February 12, 2010. After 2,400 days of buildup, anticipation, fatigue, and anxiety, the Olympics had finally arrived in Vancouver. Yet the sense of reality, the feeling that the wait was actually over, lagged far behind the pace set by the countdown clock. The torch was in Vancouver, but the Games still felt distant.
While I had been looking forward to the Olympics since Vancouver was announced as host, in the last days leading up to the opening ceremonies, a feeling of anxiety had slowly eclipsed my excitement. All I hoped of the games was for Vancouver and Canada to not embarrass ourselves. So far things we’re looking good with the facilities and with the overal ‘Look of the Games’. As yet we had managed to avoid any serious cock-ups.
I was up early on this most anticipated of days, watching the torch relay on television. I had planned on heading out to get some photos of the relay, but I knew that the torch was going to criss-cross the city throughout most of the day and I was procrastinating.
When I heard that a very special surprise bearer was going to be receiving the torch and passing two blocks from my home, I anticipated another Matt Lauer or Michael Bublé. My motivation to capture such a moment for posterity did not overcome my considerable morning inertia.
However, when Walter Gretzky stepped out of the torch bearer’s mini-bus and the crowd erupted with cheering, I leapt into my clothes, snatched my camera, and flew out the door.
I arrived at Granville and Smithe and chose my spot. The torch had not yet passed to Mr. Gretzky, so I had a few minutes to take in the scene. The streets were definitely buzzing, but so far the torch escort was a bit of overkill for the amount of crowd-control needed.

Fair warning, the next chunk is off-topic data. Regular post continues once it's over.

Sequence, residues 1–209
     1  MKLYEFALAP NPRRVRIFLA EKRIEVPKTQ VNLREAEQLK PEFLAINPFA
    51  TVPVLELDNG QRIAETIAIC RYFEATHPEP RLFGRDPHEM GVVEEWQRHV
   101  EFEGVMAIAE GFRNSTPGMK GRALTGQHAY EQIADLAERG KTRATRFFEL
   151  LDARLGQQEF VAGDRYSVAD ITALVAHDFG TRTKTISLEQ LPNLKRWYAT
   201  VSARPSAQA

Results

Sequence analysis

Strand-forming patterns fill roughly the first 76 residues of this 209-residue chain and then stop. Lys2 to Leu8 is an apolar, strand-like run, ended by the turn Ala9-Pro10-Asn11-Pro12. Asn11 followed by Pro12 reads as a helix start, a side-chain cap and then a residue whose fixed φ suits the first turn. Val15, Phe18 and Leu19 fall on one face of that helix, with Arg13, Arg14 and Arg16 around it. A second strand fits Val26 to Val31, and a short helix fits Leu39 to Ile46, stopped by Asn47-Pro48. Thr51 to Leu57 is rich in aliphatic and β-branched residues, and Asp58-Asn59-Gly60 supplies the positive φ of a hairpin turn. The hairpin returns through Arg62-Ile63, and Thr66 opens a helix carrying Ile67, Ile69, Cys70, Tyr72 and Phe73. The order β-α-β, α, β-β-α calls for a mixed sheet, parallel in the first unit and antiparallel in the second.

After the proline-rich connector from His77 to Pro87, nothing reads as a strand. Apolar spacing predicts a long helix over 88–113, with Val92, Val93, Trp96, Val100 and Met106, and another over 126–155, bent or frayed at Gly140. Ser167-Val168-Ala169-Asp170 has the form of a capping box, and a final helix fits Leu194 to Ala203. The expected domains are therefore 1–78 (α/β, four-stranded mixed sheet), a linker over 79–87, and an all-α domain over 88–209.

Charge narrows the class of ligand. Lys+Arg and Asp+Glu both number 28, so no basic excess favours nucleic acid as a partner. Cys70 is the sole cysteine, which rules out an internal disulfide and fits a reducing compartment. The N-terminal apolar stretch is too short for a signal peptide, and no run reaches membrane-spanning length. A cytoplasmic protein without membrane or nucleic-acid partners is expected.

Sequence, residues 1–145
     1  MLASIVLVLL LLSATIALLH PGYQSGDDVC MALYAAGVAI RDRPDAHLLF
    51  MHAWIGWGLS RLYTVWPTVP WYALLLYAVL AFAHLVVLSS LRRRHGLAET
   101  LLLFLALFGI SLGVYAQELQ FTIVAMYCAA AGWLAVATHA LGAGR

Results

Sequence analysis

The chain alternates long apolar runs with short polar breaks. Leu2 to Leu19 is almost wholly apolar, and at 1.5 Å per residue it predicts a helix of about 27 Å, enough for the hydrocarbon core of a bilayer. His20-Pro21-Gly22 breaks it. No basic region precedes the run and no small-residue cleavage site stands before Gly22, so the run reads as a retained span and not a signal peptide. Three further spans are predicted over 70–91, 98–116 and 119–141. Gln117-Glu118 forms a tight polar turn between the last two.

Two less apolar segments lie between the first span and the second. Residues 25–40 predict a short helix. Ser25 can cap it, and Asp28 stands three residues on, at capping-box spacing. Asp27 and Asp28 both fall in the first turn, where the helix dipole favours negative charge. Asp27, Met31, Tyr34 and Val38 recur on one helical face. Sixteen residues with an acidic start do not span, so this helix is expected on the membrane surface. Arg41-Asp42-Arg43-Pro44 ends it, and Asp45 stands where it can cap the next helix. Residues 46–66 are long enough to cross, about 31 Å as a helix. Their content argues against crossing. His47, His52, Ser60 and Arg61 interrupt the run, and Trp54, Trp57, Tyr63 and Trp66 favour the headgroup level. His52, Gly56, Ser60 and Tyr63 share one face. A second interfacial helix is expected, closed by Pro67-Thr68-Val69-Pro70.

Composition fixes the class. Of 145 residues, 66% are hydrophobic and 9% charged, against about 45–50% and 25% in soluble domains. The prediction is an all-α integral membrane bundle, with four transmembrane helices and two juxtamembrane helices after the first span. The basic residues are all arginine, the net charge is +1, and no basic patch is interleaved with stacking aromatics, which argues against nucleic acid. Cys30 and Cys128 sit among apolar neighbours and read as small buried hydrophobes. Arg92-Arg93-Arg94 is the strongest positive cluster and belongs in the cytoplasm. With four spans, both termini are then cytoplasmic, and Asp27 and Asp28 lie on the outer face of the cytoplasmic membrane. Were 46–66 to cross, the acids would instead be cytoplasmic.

Before long, Walter was passed the flame, and began his walk down Granville Street, escorted by the olympic flame security detail. The relatively sparse crowd was cheering calmly but enthusiastically, a mere golf clap in comparison to what was to come.
An unexpected detour down the Granville pedestrian mall took the flame behind the barriers separating the relay route from the spectators. Along with a few dozen others, I spontaneously fell in with Gretzky. Some were following behind, glad be part of an Olympic Torch parade with a Canadian cultural icon as Grand Marshal. Many, like me, were recording the moment, leapfrogging from perch to perch trying to get a good shoot of a memorable moment.
Soon after, the flame had been passed to the next bearer. Gretzky no longer held aloft the Olympic Flame, but he did still hold the attention and adoration of a swarm of enthusiastic fans. Without the score of bodyguards (flameguards?), he quickly found himself in the centre of friendly mob.
He stood amid a forest of arms, the branches host to a flock of twittering and chirping cameras, the cellphones and digi cams flashing colourfully, chattering noisily for attention, the huge broadcast cameras sitting silently, unblinking in owl-like observance.
In the kind natural class that doesn’t come from any sort of practiced charm, Gretzky answered questions humbly for the media and laughed and chatted amiably with the enthusiastic crowd. As he was gracefully extracted by the relay support staff from what could have been an all-day engagement, it was clear that he was genuinely enjoying the moment as much as the spectators.